http://therecordingrevolution.com/vi...id=vpEi_B12DtY
Old 17th June 2013
  #6
Lives for gear
 

Quote:
Originally Posted by guitardoodjosh View Post
After thinking about it, my room probably has a lot to do with it. It's pretty much a square with nothing on the walls, hard floors, and 9ft ceilings. the only soft thing it it is my bed.
Bingo.

There is a reason major studios spend million$ to build recording spaces and it's not to look cool....
Old 17th June 2013
  #7
Gear Addict
 

Quote:
Originally Posted by guitardoodjosh View Post
I've tried recording with both mice
That's your problem. Get rid of the mice, their squeaking ruins a mix
Old 17th June 2013
  #8
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Mr. Lau's Avatar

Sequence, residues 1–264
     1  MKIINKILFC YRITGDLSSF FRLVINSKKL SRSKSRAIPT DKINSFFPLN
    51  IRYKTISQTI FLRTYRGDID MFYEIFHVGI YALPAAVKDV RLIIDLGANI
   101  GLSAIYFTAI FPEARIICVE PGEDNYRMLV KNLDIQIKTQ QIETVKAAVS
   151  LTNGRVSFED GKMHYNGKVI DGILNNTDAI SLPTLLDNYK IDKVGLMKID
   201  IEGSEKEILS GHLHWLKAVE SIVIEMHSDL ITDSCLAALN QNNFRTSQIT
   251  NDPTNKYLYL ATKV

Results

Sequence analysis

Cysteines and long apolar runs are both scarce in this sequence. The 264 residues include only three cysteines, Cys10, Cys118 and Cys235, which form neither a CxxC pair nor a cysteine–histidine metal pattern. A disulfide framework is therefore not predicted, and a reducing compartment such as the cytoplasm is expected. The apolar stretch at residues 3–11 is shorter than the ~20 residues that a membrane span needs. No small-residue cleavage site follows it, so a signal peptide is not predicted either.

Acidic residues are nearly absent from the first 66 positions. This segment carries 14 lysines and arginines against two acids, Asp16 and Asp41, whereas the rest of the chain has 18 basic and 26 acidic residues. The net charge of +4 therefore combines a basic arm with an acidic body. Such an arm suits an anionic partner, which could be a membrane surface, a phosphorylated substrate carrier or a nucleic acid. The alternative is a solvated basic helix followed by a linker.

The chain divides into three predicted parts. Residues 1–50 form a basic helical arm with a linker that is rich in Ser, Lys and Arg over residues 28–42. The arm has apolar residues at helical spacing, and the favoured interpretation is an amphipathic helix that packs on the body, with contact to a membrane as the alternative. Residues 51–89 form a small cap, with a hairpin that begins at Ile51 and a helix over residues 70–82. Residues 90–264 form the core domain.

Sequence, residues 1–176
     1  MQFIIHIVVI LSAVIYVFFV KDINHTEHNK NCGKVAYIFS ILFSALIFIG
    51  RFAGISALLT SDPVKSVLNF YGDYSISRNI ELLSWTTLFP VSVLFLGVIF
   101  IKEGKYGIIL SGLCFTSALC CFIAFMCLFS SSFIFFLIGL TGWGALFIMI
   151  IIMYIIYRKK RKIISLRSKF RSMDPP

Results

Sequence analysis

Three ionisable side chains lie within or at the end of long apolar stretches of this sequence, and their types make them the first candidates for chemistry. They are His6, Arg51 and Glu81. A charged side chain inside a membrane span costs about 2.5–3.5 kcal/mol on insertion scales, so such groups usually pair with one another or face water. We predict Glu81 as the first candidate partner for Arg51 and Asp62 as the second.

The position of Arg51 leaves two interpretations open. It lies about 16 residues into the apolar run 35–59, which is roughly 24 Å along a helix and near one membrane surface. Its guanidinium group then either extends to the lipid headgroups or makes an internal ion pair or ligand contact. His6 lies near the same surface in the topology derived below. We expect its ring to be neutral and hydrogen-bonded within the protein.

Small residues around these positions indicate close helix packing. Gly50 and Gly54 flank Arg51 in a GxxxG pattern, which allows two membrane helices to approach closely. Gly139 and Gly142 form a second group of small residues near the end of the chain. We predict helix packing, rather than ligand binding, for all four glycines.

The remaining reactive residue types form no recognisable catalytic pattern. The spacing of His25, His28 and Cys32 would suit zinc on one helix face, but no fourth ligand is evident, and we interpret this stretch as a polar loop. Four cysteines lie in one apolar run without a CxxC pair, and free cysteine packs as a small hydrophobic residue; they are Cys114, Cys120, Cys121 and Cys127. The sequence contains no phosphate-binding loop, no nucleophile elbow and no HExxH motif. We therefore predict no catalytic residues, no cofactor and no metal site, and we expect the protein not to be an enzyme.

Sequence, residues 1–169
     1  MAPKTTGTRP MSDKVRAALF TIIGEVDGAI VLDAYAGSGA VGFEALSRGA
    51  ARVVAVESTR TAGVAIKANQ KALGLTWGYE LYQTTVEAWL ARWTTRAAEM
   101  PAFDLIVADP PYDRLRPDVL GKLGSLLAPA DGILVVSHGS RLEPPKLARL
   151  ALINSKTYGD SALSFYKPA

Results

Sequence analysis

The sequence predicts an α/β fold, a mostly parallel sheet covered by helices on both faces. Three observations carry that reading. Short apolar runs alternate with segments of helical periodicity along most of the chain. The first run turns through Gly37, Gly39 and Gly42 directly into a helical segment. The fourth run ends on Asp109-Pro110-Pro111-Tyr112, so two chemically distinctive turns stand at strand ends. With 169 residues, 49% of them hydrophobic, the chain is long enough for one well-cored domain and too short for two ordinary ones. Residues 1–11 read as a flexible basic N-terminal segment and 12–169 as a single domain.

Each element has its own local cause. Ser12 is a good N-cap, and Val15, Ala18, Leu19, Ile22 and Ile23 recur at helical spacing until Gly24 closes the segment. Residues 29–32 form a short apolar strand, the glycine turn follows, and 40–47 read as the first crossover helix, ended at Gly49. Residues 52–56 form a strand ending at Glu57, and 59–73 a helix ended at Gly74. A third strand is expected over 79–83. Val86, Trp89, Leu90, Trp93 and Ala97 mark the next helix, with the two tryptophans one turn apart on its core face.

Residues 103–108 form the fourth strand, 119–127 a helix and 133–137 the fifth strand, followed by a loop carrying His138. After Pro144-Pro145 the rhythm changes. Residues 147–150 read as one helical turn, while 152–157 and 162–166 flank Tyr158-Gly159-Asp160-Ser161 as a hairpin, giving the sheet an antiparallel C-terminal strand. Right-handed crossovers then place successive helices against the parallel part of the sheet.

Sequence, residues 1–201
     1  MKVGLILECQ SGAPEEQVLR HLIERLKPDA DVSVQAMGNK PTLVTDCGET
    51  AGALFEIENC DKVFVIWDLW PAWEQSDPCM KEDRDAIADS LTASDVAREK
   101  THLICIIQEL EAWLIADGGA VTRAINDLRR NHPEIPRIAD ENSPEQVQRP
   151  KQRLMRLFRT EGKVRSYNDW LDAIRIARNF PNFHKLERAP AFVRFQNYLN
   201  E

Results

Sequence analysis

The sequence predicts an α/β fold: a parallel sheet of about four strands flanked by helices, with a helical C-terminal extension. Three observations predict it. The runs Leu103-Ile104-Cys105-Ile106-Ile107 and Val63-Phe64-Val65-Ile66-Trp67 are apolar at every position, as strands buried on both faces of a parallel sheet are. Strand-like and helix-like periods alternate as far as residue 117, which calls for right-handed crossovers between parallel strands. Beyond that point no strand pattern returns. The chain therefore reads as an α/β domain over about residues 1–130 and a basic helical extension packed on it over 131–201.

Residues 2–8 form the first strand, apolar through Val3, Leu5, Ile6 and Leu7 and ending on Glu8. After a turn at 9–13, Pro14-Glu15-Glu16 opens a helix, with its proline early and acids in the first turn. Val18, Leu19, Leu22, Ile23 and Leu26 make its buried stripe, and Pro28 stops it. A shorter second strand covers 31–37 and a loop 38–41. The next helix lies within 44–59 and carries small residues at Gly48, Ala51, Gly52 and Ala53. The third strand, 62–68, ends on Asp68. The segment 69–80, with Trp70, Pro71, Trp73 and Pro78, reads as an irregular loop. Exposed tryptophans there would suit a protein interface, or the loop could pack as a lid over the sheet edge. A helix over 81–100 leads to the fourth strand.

Quote:
Originally Posted by Kesh View Post
That's your problem. Get rid of the mice, their squeaking ruins a mix
Old 18th June 2013
  #9
Quote:
Originally Posted by Kesh View Post
That's your problem. Get rid of the mice, their squeaking ruins a mix
Lmao!

Um OP, idk man. Try some EQ on that voice to bring some of the fullness back into your range after you record. ALSO probably the most important part is to go readjust your equipment. Your pre shouldn't be too hot and if you have a pre on your interface that shouldn't be too hot either. I use both to compliment one another instead of turning one all the way down and turning the other all the way up. Readjust your equipment until you get something that you like.